Nutrition After Resection Surgery

During a surgical resection, what your body needs in terms of nutrients will mostly depend on two things:

  1. The length of the intestines left after surgery.
  2. Where along the digestive tract the surgery is done.

Different parts of the intestines do different jobs when it comes to absorbing nutrients. For instance, if part of the ileum is taken out during a surgery, like ileal-colonic resection (ICR), the body might find it harder to absorb vitamin B12 because the section where it usually gets absorbed is now shorter. In this case, your GI care team might prescribe things like injections, sublingual B12, or nasal sprays after carefully checking your vitamin B12 levels. You might also be encouraged to eat foods rich in B12, like fortified cereals, nutritional yeast, lean meats and salmon, and tempeh.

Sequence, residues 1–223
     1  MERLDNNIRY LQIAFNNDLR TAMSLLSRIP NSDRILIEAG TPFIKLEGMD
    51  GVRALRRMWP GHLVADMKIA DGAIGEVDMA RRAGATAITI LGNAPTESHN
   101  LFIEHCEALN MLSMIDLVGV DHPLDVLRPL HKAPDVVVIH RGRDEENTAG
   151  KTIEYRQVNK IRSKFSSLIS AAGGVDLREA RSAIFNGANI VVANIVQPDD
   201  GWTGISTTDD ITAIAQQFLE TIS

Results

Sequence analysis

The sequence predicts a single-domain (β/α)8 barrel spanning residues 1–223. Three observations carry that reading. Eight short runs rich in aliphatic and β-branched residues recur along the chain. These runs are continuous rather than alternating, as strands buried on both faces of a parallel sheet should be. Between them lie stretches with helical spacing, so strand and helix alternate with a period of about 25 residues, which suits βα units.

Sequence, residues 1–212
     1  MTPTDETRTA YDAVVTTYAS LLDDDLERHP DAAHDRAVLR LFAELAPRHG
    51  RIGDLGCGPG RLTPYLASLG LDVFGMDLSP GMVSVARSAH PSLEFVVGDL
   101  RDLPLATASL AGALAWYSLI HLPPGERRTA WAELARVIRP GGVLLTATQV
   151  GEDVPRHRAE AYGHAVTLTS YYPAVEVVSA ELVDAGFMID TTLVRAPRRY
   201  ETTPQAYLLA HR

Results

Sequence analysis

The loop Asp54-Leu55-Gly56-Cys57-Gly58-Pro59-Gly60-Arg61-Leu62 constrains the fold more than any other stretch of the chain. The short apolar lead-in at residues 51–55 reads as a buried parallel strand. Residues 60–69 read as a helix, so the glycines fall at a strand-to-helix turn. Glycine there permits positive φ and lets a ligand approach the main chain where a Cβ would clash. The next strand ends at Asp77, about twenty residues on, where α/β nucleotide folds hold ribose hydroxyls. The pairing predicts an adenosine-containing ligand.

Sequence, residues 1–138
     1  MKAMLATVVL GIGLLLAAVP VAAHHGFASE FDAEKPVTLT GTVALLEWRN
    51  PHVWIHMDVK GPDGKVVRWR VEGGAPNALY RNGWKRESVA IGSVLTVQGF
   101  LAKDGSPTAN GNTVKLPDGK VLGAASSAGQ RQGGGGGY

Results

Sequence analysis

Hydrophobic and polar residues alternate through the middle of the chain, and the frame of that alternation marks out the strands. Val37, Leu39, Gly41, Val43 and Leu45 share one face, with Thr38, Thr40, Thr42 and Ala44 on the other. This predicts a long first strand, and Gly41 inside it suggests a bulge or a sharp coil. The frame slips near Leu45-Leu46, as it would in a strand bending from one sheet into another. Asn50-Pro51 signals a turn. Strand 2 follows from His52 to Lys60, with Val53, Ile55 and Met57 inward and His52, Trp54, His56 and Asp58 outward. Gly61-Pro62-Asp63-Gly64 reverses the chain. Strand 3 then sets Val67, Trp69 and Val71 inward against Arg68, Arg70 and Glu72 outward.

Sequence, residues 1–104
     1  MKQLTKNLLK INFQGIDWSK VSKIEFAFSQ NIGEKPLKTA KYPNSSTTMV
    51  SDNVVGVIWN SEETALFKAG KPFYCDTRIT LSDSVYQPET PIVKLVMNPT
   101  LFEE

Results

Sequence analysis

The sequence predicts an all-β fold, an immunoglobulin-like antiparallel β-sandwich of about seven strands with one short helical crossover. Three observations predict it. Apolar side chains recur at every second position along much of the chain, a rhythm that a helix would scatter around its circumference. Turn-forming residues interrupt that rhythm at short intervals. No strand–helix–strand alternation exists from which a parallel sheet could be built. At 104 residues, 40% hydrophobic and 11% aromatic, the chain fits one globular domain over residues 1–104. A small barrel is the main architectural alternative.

The ileum also plays a big role in absorbing bile acid, an important part of digestion that helps break down cholesterol, oils, fats, and fat-soluble vitamins A, D, E, and K. After ICR, some people might have issues with bile acid absorption, leading to symptoms like watery diarrhea and separation of oil from stool. Choosing foods that aren’t fried or high in saturated fat, especially in large amounts during one meal, might help ease these symptoms during recovery. There are also medications that can help with bile acid absorption, so if you’re worried about this, talk to your surgeon or GI doctor. (12-14)



12. Matsumoto Y, Mochizuki W, Akiyama S, et al. Distinct intestinal adaptation for vitamin B12 and bile acid absorption revealed in a new mouse model of massive ileocecal resection. Biol Open. 2017;6(9):1364-1374. Published 2017 Sep 15. doi:10.1242/bio.024927


13. Godny L, Maharshak N, Reshef L, et al. Fruit Consumption is Associated with Alterations in Microbial Composition and Lower Rates of Pouchitis. J Crohns Colitis. 2019;13(10):1265-1272. doi:10.1093/ecco-jcc/jjz053


14. Liska D, Mah E, Brisbois T, Barrios PL, Baker LB, Spriet LL. Narrative Review of Hydration and Selected Health Outcomes in the General Population. Nutrients. 2019;11(1):70. Published 2019 Jan 1. doi:10.3390/nu11010070